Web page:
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Warhorse Moving Day

A warbird that opened the War on Terror will be making her “final taxi” on September 29… in the dead of night.

A General Dynamics F-111, affectionately known as the “Warhorse”, has been rescued from storage in the Arizona desert, and following a painstaking restoration, will soon take its place in Aviation Heritage Park.

The move will begin at 10:30 pm, starting where the aircraft had been restored at the Bowling Green-Warren County Regional Airport, and will go from there down Scottsville Road then along Three Springs Road to AHP. The timeframe is chosen to avoid traffic and allow for the careful movement of the aircraft with minimal disruption.

“This is the largest aircraft we’ve ever moved,” said AHP President Jim Wright. “It’s over 73 feet long, with a wingspan of 32 feet when the wings are fully swept. We’ve had to make some structural changes to her pad at the park, simply because she is so big.”

Assisting in the move will be BGPD, Warren County Sheriffs Department, BGMU, and ground personnel from the airport and AHP.

This aircraft is a true combat veteran. In 1986, USAF aircraft launched from a base in England and roared through the skies of coastal Libya, delivering a crushing blow to Muammar Gaddafi in retaliation for an act of terrorism that killed or injured American servicemen in Germany. Gaddafi’s regime sponsored the attack, and President Reagan authorized retaliation.  Known as Operation El Dorado Canyon, the lead ship of the Air Force contingent of F-111s was piloted by then Lt. Col Arnie Franklin, a Franklin, KY, native, Bowling Green High and WKU grad and past president of AHP. The mission was a success.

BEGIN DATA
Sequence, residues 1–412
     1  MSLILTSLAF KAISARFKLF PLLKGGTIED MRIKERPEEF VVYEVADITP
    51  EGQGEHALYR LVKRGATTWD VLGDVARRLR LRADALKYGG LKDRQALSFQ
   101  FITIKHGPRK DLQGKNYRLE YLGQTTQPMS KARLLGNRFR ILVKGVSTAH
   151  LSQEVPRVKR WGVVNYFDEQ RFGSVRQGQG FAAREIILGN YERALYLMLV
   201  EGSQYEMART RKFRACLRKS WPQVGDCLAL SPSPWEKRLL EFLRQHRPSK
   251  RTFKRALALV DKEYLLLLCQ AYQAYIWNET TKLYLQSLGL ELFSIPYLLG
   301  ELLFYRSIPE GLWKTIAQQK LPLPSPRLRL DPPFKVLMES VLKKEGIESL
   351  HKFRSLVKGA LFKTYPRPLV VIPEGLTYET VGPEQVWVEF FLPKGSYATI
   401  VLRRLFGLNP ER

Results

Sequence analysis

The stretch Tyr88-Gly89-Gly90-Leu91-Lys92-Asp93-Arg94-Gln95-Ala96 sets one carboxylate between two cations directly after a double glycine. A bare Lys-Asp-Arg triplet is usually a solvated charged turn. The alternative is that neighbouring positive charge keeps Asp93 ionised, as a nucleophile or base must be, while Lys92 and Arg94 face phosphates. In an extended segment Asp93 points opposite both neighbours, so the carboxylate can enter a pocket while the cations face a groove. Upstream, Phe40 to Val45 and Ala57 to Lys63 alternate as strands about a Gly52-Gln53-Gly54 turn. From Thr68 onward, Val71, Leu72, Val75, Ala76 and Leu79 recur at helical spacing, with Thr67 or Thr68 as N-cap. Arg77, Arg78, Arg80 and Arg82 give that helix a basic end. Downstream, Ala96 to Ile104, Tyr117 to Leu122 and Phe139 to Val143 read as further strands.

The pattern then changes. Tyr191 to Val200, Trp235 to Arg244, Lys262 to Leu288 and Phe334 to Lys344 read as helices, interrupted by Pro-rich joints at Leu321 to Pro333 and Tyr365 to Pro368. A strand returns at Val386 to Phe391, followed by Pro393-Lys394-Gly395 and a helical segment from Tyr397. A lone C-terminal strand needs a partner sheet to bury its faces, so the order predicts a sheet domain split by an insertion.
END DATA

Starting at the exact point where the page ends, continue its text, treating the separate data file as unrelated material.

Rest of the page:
The actual aircraft that Franklin was flying that day is on display at the National Museum of the Air Force in Dayton Ohio. The aircraft that is being moved to the park was flying on his wing that night.

 The F-111, a tactical strike and interdiction fighter/bomber, entered service in 1967, but has been retired from active service with the USAF since 1998. Upon retirement, the remaining fleet of F-111s was sent to Davis-Monthan AFB in Arizona to be “mothballed”.

 “That’s where we found her,” said Dan Cherry, Executive Vice President of AHP. “AHP honors South Central area pilots by finding and restoring aircraft that tell their stories. The Warhorse will tell the story of Col. Franklin and the brave pilots who ‘went downtown’ to avenge American service personnel who were killed in the terrorist attack in Germany. It was the longest fighter combat mission ever flown.”

The disassembled F-111 arrived on October 12, 2012, on several flatbed trailers. Following thousands of man-hours of careful restoration, this aircraft made her debut to the public at Hangar Party 2013, the annual fundraising event hosted by AHP. On September 29, she will take her place with her glistening stablemates: a McDonnell-Douglas F4D (“Phantom 550”), a Grumman F9F Panther (“Panther One”), and a Lockeed T-33 (“SAC One”).

NOTE: This aircraft has been nicknamed “The Warhorse” for her long career in combat. Not only did this particular F-111 participate in Operation El Dorado Canyon, it went on to serve with distinction in the Gulf War. This aircraft has the highest number of combat sorties of any of her type.